"Viscera" goes even further into the musical, vocal and textural experimentations initiated with the very first "To Sing You Apple Trees" and further expanded with the second "Medea". Where the later could sometimes be a little offputting for its mannered and sometimes contrived eccentricities, this last album sounds far more spontaneous and organic musically while Jenny Hval's voice has gained even more depth, suppleness and her emotional range is simply astounding, she became a fabulous actress for her own somewhat doomed theatrical songs.
For this album, Jenny Hval wanted to "make free music, without a conceptual framework." (1) This statement goes for the music and for the lyrics. Through her musical career, she has increasingly collaborated with free improv musicians, touring with two of them (they've all been invited earlier this year to Norwegian Festival for Improvised Music in Australia where they've been joined by the incredible Dutch pianist and electronic wizard Cor Fuhler) and she's involved in "meshes of voice", a piece composed especially for Ladyfest Oslo by her and Susanna K. Wallumrød, an exploration of both melodic and noise material mostly based on improvisation. These musical experiences inspired her for the writing and recording of "Viscera". Jenny Hval is also a writer, she published several short pieces and a novel called "perlebryggeriet", which means "The Pearl Brewery", in 2009. Jenny explains that the book "starts out as a novel and ends up as song lyrics." (1) The lyrics on "Viscera" are also partly improvised, Jenny Hval followed her intuition and feeling, and like she says she "realised after recording the album that all the songs deal with travelling in one way or another." Jenny Hval lives between Oslo and Melbourne. She adds : "Going back through my notes when writing the songs and improvising, I remember that I was working with different themes that have later been pushed aside. At the very beginning, I was influenced by the harsh, repetitive and pornographic language of Elfriede Jelinek and Pauline Reage, and then at some stage the focus shifted completely to Virginia Woolf’s Orlando." Later on, she concludes : "The music for Viscera was composed and arranged by improvising. It follows my lyrics wherever they go: spoken word, surrealist imagery, or just sound. Modernist fantasy? Fantastic anatomy?"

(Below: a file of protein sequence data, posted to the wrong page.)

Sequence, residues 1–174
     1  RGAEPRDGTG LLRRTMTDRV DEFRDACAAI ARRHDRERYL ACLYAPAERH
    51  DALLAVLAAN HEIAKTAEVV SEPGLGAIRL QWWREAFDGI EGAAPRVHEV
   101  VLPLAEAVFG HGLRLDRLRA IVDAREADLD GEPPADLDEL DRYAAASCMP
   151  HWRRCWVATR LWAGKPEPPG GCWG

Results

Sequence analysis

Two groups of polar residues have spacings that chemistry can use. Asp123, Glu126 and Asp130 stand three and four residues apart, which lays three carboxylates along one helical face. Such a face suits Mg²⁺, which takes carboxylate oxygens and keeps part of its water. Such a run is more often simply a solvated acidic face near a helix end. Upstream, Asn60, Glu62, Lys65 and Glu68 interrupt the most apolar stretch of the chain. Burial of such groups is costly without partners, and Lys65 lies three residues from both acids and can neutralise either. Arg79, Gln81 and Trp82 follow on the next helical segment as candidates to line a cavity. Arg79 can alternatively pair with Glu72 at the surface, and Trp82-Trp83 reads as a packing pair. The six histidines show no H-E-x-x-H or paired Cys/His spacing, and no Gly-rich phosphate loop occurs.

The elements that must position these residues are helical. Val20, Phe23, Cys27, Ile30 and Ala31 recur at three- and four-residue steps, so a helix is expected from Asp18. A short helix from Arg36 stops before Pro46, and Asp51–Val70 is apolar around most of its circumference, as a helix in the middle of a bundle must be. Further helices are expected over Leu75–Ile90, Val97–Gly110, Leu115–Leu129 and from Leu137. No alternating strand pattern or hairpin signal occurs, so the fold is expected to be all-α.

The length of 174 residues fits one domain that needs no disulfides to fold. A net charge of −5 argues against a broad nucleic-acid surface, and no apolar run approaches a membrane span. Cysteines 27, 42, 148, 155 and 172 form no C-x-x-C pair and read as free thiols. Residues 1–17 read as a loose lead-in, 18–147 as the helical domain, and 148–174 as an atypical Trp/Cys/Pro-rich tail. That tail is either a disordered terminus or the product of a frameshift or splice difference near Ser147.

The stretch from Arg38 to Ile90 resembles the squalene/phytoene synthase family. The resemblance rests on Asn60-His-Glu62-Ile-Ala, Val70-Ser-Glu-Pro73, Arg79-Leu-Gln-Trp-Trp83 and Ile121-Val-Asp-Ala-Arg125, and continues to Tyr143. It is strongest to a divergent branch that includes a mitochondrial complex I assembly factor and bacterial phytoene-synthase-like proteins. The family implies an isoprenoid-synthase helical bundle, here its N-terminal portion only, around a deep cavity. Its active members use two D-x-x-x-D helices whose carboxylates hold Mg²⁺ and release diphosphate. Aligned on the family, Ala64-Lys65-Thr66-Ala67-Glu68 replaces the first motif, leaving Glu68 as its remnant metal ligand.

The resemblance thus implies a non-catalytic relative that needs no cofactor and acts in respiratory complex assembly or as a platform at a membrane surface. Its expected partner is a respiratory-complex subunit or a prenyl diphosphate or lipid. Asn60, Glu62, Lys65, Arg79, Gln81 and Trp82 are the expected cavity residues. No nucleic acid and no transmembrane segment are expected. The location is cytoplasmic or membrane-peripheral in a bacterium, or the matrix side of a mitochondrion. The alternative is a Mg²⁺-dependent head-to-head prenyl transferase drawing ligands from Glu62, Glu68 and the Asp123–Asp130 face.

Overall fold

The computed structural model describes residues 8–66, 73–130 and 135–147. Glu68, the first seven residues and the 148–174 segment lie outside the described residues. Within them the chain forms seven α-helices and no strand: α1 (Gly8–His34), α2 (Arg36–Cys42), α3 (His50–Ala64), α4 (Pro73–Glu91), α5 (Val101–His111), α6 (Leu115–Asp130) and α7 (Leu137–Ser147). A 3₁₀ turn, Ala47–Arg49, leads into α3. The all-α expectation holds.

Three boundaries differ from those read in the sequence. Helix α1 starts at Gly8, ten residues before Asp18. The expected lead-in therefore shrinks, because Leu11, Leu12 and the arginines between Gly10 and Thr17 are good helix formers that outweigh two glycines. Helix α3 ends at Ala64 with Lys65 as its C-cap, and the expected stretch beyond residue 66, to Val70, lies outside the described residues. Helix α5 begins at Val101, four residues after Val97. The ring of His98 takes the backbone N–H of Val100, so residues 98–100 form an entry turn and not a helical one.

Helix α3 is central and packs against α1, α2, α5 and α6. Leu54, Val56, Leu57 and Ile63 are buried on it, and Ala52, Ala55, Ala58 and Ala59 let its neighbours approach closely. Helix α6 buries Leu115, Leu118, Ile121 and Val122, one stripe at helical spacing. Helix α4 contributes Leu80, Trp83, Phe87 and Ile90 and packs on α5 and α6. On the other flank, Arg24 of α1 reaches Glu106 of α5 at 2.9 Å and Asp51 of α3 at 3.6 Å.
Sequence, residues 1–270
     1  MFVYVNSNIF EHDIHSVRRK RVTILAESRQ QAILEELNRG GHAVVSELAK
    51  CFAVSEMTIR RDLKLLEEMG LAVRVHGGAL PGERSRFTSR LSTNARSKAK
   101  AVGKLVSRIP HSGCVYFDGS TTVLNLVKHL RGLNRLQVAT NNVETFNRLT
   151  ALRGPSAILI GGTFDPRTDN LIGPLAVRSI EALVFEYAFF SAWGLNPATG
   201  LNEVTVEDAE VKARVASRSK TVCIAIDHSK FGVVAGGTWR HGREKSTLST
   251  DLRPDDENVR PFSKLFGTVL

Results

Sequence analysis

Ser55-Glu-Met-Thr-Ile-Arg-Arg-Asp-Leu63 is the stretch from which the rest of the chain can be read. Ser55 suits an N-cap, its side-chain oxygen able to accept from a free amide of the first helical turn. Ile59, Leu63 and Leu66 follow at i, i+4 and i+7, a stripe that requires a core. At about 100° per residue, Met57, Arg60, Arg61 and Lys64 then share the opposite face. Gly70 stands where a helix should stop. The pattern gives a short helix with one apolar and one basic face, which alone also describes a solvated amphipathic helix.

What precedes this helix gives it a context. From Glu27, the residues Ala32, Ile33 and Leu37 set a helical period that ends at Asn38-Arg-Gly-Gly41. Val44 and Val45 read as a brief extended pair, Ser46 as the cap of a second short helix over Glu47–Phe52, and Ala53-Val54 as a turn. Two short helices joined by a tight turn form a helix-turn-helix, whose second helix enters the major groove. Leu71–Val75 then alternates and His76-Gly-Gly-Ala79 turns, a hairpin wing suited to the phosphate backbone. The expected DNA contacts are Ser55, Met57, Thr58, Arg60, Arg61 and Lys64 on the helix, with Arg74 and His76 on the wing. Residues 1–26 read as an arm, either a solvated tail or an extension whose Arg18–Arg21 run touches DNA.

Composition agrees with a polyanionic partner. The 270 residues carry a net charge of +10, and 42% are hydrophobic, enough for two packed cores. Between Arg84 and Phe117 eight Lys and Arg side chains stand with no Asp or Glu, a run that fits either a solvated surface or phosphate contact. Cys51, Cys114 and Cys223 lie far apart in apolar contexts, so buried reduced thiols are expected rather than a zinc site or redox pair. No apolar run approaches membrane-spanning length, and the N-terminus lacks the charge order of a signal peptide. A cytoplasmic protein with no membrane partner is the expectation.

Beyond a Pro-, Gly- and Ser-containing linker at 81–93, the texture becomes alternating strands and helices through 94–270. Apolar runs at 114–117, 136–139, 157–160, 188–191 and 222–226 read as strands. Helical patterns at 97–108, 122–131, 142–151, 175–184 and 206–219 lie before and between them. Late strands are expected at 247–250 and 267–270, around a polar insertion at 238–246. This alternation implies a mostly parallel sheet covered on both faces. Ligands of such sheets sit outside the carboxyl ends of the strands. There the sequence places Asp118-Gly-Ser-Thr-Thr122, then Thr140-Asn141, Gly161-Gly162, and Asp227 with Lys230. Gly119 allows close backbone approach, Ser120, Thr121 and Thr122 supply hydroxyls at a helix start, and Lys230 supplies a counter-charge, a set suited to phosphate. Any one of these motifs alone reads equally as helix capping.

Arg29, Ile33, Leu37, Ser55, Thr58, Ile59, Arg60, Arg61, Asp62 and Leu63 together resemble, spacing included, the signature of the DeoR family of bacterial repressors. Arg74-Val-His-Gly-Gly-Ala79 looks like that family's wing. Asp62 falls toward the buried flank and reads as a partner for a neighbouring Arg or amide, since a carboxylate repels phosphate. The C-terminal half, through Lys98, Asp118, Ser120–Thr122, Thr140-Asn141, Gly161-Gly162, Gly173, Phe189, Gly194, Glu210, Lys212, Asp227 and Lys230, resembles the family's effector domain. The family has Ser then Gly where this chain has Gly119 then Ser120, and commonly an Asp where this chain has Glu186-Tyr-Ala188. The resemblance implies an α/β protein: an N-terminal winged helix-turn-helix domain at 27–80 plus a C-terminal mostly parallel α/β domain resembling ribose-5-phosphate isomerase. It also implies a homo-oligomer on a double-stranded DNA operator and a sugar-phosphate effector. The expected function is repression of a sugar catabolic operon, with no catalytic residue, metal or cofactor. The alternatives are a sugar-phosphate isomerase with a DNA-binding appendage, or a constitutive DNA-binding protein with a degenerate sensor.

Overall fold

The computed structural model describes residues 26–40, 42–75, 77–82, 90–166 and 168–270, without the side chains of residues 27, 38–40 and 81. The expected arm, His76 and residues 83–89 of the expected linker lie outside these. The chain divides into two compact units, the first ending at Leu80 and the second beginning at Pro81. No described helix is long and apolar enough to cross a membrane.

Anatomy indeed. This album could seem very cerebral at first look, but it's title is "Viscera", which means guts, limbs, organs. Jenny Hval's vocabulary can be pretty explicit, the very first verses opening the album go this way : "I arrived in town with an electric toothbrush pressed against my clitoris" on "Engines in the City", further words like limbs, lips, tongues, lungs, erections, bones, ears, fingernails, egg,... appears, and clitoris again, on the second song "Blood Flight" : "The clitoris, that great sphynx, opened its eye : so many blind years, acting Oedipus."